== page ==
STIM expands patent rights
Friday, July 3, 2020
The European Patent Office (EPO) has expanded the patent rights held by STIM for their smoltification feed SuperSmolt FeedOnly. The EPO’s decision expands the range of feed ingredients that falls within patent protection so that existing feeds imitating SuperSmolt FeedOnly now constitute infringements on the patent. Further, EPO decided that the practical use of such feeds in itself is considered a breach of patent. This comes in the wake of STIM´s victory against BioMar in Oslo District Court in March of this year.
“SuperSmolt FeedOnly has unique qualities, so we can understand that others might be tempted to look to our solutions, but we are happy that both the court system as well as EPO concludes that these rights belong to us. I truly hope and believe that we no longer need to spend our time and resources to defend that. The decision by EPO is a victory for everyone that believes in the importance of research and development,” said STIM CEO, Jim-Roger Nordly.
Since its 2014 launch, SuperSmolt FeedOnly has contributed to significantly reducing post-transfer mortality and at the same time increasing profits for salmon producers. The key is its ability to synchronize smoltification so that every fish achieves robust seawater tolerance before transfer. Compared to traditional photoperiod smoltification, SuperSmolt was a game-changer in terms of both fish welfare and profitability. The first patent application regarding SuperSmolt FeedOnly was delivered in 2014 and the first granting from EPO came in 2019.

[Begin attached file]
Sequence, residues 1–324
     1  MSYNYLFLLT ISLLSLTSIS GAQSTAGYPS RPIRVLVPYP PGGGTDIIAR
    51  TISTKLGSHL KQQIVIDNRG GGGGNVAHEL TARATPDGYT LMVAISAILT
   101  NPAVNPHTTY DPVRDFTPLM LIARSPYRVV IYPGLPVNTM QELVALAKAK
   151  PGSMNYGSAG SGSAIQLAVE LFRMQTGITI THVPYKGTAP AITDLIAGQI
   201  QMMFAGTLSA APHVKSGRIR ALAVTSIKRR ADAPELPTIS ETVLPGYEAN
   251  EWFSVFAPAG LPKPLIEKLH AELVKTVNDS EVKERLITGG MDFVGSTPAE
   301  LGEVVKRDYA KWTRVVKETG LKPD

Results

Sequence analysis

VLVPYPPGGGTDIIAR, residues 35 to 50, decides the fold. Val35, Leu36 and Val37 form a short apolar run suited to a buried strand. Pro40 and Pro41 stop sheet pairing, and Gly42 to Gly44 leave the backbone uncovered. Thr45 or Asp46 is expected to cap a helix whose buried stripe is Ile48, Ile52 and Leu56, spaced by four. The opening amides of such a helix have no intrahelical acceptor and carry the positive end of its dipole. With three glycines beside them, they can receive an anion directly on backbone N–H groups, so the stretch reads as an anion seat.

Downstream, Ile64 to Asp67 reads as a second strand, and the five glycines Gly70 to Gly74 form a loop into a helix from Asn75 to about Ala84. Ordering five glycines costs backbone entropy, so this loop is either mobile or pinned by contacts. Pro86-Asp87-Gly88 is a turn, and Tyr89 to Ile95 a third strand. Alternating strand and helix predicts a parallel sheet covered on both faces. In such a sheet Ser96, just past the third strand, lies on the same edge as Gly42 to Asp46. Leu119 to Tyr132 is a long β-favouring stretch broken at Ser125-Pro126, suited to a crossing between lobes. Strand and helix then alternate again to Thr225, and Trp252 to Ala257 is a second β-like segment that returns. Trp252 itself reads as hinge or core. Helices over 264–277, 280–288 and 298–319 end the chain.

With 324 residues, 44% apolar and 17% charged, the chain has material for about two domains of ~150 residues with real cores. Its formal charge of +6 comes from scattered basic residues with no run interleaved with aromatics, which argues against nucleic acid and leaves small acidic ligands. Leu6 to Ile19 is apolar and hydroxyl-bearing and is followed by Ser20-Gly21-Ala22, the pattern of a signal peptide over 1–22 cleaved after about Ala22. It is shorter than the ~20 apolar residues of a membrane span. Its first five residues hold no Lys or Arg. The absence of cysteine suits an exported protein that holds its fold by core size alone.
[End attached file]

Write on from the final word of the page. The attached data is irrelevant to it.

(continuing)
The EPO decision has been prefaced by a long-time patent dispute between STIM and competing feed companies. So far, STIM has taken one of these companies to court. In March, Oslo District Court ruled that the company had to compensate STIM for selling a copy feed as well as breaching the business code of conduct. The judgment has been appealed.
STIM´s rights were again challenged in 2017 when competing feed producers made minor adjustments to the SuperSmolt Feed Only formulation before selling their feed. These adjustments were covered by an additional patent application from STIM, which has now been validated by EPO.
“We are pleased with the EPO decision, which makes it clear that our competitors cannot continue to make minimal feed formulation adjustments to escape the patent issue. We believe the EPO decision will finally resolve the disagreements between STIM and our competitors,” said Nordly.
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